Writing good code is not an easy task to accomplish and every developer has his weak spots.
For me, developing in a concurrent environment and scheduling between tasks is a serious weak spot.
I know, it may be obvious why these two specific topics might burden the development but I’d like to put it into simple words:
(1) The tiny fact that I cannot read the code line by line and know it really was the order of execution can sometimes make me wish I would have chosen a different profession (not really 🙂 )
Debugging suddenly becomes hell, if not useless, and all these threads pop up to your console from nowhere without having control over them. Not a pleasant experience indeed.
Lucky lucky me, as a Rails developer, I don’t get to deal with concurrency too much (if at all), but that doesn’t mean that (1) is solved for me in Rails – the opposite.
This is exactly the time to present today’s topic – ActiveRecord lazy scope evaluation.
Lazy Evaluation In General
The concept of “lazy evaluation” basically says that you perform the actual calculation only when the value is needed.
Lazy evaluation has many advantages, and what’s beautiful about it that it acts behind the scenes: The developer may not even be aware of it happening ( although as we’ll see further on, the developer must be aware of that ).
I’ll present two of the main advantages of lazy evaluation:
1. It dramatically reduces method calls count in your code:
If + was lazy evaluated, the only assignment statement that would have been executed was
x = 1 + 1 + 1
, instead of the three assignment statements.
2. It prevents the computation of an unused data:
If + was lazy evaluated, none of the assignment statements would have been calculated since the value of x is not used at all.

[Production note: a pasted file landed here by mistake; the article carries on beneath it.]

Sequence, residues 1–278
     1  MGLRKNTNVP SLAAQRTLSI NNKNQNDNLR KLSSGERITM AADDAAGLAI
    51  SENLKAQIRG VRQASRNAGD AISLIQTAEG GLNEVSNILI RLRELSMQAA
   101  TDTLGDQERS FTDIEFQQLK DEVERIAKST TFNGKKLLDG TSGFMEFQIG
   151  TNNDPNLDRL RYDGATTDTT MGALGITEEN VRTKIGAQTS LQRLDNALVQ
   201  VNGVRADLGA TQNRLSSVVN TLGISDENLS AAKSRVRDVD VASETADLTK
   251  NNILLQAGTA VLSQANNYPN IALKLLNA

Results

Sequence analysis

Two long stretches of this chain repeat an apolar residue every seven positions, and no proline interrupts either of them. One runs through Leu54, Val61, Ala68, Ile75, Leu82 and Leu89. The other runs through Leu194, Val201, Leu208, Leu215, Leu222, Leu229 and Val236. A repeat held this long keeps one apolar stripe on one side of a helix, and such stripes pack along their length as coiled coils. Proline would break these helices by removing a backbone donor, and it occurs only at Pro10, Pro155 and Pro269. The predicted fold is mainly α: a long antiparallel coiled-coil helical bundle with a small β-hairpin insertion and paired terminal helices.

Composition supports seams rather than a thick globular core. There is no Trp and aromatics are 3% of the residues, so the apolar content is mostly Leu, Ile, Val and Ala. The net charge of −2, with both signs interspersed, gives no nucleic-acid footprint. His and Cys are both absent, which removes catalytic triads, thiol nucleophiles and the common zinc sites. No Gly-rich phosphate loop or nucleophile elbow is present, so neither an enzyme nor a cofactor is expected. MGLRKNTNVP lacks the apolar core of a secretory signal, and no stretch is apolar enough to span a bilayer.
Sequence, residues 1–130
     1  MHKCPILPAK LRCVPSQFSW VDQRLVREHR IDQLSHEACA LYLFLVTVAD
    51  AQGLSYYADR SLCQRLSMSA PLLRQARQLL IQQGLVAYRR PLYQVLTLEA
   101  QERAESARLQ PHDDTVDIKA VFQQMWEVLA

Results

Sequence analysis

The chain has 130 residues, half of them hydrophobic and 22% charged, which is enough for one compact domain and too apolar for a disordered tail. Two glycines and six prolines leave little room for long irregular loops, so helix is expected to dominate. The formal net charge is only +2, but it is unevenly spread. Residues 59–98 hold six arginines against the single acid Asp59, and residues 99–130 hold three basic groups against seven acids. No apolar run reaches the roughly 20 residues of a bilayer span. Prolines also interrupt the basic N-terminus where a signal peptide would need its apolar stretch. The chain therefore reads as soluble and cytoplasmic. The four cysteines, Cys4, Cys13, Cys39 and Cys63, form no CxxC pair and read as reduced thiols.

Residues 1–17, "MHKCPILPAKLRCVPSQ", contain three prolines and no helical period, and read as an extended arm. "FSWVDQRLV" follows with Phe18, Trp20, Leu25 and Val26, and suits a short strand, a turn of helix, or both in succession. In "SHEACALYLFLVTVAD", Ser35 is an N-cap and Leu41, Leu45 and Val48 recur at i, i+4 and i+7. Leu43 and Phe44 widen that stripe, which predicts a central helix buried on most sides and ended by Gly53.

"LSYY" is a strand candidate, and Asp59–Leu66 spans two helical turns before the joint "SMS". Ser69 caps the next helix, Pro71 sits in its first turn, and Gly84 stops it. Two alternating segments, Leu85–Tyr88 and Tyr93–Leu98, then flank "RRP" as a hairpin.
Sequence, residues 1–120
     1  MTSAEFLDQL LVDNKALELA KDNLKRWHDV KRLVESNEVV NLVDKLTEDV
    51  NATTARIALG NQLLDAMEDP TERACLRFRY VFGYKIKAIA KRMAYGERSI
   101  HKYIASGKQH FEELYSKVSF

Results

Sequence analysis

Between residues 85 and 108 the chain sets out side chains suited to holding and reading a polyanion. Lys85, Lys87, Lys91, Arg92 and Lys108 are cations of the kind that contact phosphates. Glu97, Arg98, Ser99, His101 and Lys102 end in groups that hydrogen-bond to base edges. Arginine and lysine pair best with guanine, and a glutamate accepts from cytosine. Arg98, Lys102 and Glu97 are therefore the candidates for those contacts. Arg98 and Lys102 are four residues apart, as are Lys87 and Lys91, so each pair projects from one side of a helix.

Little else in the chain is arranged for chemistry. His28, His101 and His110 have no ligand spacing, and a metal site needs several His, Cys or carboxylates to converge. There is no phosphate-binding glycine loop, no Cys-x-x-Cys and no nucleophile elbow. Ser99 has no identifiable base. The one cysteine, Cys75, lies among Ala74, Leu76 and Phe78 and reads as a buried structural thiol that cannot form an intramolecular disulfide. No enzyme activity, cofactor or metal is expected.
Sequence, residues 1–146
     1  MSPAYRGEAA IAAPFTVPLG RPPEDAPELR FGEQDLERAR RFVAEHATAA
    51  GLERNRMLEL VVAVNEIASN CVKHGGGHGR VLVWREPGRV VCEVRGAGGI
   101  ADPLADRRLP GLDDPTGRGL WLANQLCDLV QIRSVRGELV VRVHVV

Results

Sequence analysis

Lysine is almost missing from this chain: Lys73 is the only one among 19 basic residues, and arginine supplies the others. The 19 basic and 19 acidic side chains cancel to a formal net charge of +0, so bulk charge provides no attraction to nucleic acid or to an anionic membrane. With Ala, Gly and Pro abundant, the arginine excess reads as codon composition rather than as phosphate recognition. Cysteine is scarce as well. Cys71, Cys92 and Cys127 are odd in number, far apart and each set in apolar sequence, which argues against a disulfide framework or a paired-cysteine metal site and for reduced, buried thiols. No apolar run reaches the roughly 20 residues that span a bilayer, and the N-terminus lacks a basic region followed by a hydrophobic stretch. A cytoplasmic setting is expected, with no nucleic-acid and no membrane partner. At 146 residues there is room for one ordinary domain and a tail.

Now isn’t that just wonderful? You get all these cool tricks for free with no hassle!
It is wonderful, but should be treated carefully. Every Rails developer should always have lazy evaluation somewhere in the back of his mind. The reason for that is that ActiveRecord evaluates scopes lazily, and I’ll show you exactly what that means.
Lazy Evaluation of Scopes in ActiveRecord
I’ll be referring to a simple User model with only one string field, email. Let’s RSpec my point:
I’ll start from the end – this spec fails ( otherwise – why the hell would I be writing this post ).
The spec simply creates 5 users with email fields filled (not blank) and runs the
all_users_have_emails? to verify it returns true.
The naive behavior of the
User.all_users_have_emails? method call would be:
Line 1 should insert
 (an empty array) into
@blanked_email_users since all users have emails.
Line 2 should set the first user email to blank.
Line 3 should return true since
.count returns 0
And still, somehow, this spec fails.
What Went Wrong?
What I was doing wrong is taking myself the privilege to assume that each statement is fully evaluated in the order of line of codes. That’s a wrong assumption.
It is wrong because
User.where(:email => "") in line 1 is lazily evaluated.
Assigning the scope into the instance variable
@blanked_email_users does not act as an evaluation catalyst for that matter.
That means that the query is not executed until we call
@blanked_email_users.count in line 3, and that was done after the data in the database was changed in line 2.
The result is, that even if we call
all_users_have_emails? when all users have emails, we get false as a result since
@blanked_email_users.count (line 3) returns 1 – the first user which his email field was changed in line 2.
Debugging to the Rescue (or not)
The worst thing about it is that debugging this code may make the code behave differently, so the code actually running and the code you are debugging return different outputs.
That may happen if you put a debugger after line 1 and run
eval @blanked_email_user. It will perform the evaluation since debugger runs
inspect on the returned value.
@blanked_email_users will now store an empty array  and the code will return true, but that will happen only when you try to debug the code and force the evaluation of the first line in place.
So next time you debug your Rails code and think that Rails went crazy, think again. You may have been a victim of lazy evaluation.